“Assassin’s Creed IV: Black Flag”: Everything Is Permitted (Maybe It Shouldn’t Be)

As you can read in my review over at Slant MagazineI find that in Assassin’s Creed IV: Black Flag, you can do just about anything. It’s a terrific refinement of previous entries, particularly in multiplayer, but one that also emphasizes just how flawed certain essential aspects of the game, like combat, are. Assassin’s Creed may be the SNL of video games: everybody has their favorite “cast” (i.e., entry) but they’re all relatively similar and safe, improving only in visuals and production value. Personally, I was offended by the way Ubisoft surveyed players in-game as to what they thought of each mission–even if the conceit of the modern-day framework is that you’re a playtester working for Ubisoft’s fictional co-producer, Abstergo Entertainment; after six titles, shouldn’t the developer know what works? At the same time, I was delighted to have the option to harpoon Moby Dick or attempt to sink four legendary pirate ships, even if I hated the mechanics that went into both of these side-quests. Likewise, I was frustrated by the wonky controls of the undersea diving sections–but only because they were otherwise so beautiful, with sharks to hide from, moray eel and jellyfish to dodge, and sharp, twisty coral reefs to navigate around. Each entry makes baby steps in the right direction, and Black Flag‘s the best to date, especially on next-generation systems. But there’s the constant sense that it could be better and that all the random tasks shouldn’t feel so empty and meaningless. (And yes, I know they largely serve to upgrade the Jackdaw, but that’s far from necessary.) As I said about Grand Theft Auto V, less is often more–perhaps the developers need more conversation and less action.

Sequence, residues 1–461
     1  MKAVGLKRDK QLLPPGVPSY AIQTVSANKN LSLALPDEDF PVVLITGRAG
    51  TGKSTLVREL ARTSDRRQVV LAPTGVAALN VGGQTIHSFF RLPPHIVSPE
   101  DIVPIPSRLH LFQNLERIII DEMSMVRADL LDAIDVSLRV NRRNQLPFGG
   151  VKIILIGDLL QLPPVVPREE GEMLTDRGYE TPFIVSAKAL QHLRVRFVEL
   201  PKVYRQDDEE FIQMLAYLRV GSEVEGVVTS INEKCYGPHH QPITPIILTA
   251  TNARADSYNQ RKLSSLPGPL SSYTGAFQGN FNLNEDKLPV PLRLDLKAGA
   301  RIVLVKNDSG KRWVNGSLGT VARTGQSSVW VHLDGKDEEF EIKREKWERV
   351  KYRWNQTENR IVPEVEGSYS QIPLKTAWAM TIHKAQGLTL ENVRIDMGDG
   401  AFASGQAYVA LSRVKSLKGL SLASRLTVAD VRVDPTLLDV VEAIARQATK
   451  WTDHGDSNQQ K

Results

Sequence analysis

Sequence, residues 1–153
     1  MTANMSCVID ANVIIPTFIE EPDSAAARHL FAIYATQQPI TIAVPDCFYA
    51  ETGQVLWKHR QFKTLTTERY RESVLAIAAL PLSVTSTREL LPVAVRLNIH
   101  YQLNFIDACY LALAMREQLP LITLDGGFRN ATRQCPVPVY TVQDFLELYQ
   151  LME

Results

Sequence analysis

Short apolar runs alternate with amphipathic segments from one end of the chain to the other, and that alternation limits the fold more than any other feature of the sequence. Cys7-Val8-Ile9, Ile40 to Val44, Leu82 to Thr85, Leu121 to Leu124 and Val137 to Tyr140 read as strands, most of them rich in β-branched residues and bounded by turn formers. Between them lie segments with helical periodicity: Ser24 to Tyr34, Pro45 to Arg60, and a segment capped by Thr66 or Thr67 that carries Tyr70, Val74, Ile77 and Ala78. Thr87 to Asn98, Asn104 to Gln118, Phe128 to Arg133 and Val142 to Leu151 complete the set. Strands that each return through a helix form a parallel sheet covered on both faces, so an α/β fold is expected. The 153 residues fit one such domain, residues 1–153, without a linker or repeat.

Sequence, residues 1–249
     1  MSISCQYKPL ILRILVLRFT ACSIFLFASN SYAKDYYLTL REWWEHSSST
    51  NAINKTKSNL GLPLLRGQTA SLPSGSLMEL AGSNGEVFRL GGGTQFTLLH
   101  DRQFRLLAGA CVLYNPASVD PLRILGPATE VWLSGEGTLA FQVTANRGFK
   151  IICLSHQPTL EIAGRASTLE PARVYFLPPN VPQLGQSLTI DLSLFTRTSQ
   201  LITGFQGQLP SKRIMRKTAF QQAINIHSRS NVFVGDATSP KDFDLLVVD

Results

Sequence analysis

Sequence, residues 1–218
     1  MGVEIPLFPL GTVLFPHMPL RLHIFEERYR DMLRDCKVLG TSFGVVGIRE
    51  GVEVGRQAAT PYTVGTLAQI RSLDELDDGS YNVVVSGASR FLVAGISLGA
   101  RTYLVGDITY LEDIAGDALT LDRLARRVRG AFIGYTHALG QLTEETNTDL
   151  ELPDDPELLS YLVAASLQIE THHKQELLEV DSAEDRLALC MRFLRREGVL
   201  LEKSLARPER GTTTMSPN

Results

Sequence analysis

Advertisements

Leave a Reply

Fill in your details below or click an icon to log in:

WordPress.com Logo

You are commenting using your WordPress.com account. Log Out / Change )

Twitter picture

You are commenting using your Twitter account. Log Out / Change )

Facebook photo

You are commenting using your Facebook account. Log Out / Change )

Google+ photo

You are commenting using your Google+ account. Log Out / Change )

Connecting to %s

Blog at WordPress.com.

%d bloggers like this: